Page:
Jazz greats like Pharaoh Sanders, Don Cherry, Eddie Harris, Ahmad Jamal, Cassandra Wilson, and Abbey Lincoln have all had their time on stage in this one-time Barclays Bank branch. But the roster of past acts also includes Amy Winehouse, Lee Scratch Perry, Horace Andy, The Skatalites, and Benedict Cork.
Basically, if it has soul and gets your fingers tapping against that glass of peaty Scotch, it’s a fitting addition to the slate at the good ol’ JC.
West London Live Music Venues
Notable neighborhoods like Notting Hill, Holland Park, and Kensington are all found in West London. So the live music venues here have a lot to live up to — and they succeed handily.
12. O2 Shepherd’s Bush Empire
Shepherd's Bush Empire got the O2 prefix the same way Brixton Academy did — through sponsorship. But this venue has been hosting live music in London long before the monied telecom company was even a sparkle in some billionaire’s eyes.
The original Shepherd’s Bush Empire was built in 1902 as a theatre and hosted comedy revues (including The Fred Karno Troupe with one Charlie Chaplin) and other music hall-type acts.
After a few decades as a BBC TV studio/theater — That’s Life! and The Generation Game were both filmed here — Shepherd’s Bush Empire got a facelift and a relaunch. This is where songstress Amy Winehouse recorded "I Told You I Was Trouble: Live in London.” It’s also where Mumford & Sons’ "Live from Shepherd’s Bush Empire" made use of the top-tier acoustics.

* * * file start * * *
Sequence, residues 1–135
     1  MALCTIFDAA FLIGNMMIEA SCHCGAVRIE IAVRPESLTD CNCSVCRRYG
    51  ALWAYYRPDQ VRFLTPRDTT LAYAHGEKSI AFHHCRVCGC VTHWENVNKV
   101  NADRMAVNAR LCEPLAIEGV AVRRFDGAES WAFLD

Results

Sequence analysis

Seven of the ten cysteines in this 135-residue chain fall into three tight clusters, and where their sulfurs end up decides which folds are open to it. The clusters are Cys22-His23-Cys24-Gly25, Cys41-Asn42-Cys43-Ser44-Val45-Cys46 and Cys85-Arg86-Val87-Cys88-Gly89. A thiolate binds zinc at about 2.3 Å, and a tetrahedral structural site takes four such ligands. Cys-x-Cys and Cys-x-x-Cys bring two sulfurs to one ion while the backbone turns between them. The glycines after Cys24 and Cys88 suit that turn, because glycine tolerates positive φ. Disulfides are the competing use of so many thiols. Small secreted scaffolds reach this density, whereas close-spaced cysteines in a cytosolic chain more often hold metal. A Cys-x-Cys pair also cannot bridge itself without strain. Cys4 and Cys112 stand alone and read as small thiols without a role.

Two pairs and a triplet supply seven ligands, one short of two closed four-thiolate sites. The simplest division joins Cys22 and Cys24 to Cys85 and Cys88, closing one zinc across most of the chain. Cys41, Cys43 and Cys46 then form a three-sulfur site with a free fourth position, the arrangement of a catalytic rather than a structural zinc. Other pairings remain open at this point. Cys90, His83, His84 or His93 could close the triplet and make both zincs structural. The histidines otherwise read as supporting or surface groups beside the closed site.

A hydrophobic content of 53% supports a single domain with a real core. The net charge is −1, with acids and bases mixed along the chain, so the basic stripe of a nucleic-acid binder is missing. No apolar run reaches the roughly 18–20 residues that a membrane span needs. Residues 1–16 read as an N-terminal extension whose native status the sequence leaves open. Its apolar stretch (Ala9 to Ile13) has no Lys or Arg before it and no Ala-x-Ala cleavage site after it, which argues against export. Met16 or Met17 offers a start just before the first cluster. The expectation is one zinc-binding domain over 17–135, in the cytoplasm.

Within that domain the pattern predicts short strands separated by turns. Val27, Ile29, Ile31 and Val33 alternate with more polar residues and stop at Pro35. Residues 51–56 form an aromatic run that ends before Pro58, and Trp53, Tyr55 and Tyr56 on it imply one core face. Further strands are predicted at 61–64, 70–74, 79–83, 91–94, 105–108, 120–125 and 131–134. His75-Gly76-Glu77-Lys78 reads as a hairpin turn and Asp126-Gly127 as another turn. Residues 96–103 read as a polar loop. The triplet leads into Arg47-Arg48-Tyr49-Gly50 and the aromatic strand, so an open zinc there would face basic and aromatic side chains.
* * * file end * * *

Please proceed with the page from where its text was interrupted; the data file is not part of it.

With just 2,000 spots for fans, it’s a venue that’s small enough to feel special but large enough to get the energy flowing.
13. The Nickel Bar Bank
As far as London pubs with live music go, The Nickel Bar Bank may be among the flashiest. There’s no sawdust on the floor here, and you’ll probably pay a premium for perfectly garnished delicious cocktails like the grapefruit-adorned Negroni and a champagne cocktail with an edible flower float.
But it’s worth the so-called entertainment tax to enjoy your tipple while nodding along to jazz trios and cover bands doing their best versions of your favorite pop hits.
Music is on daily, and Mondays are set aside specifically for original artists just hitting the London scene.
14. Eventim Apollo
It’s showtime! Not at the famous Harlem Apollo in NYC (whoop whoop whoop!) but at the Hammersmith Apollo. It’s now renamed the Eventim Apollo to honor the German ticketing company that helps support this iconic London venue.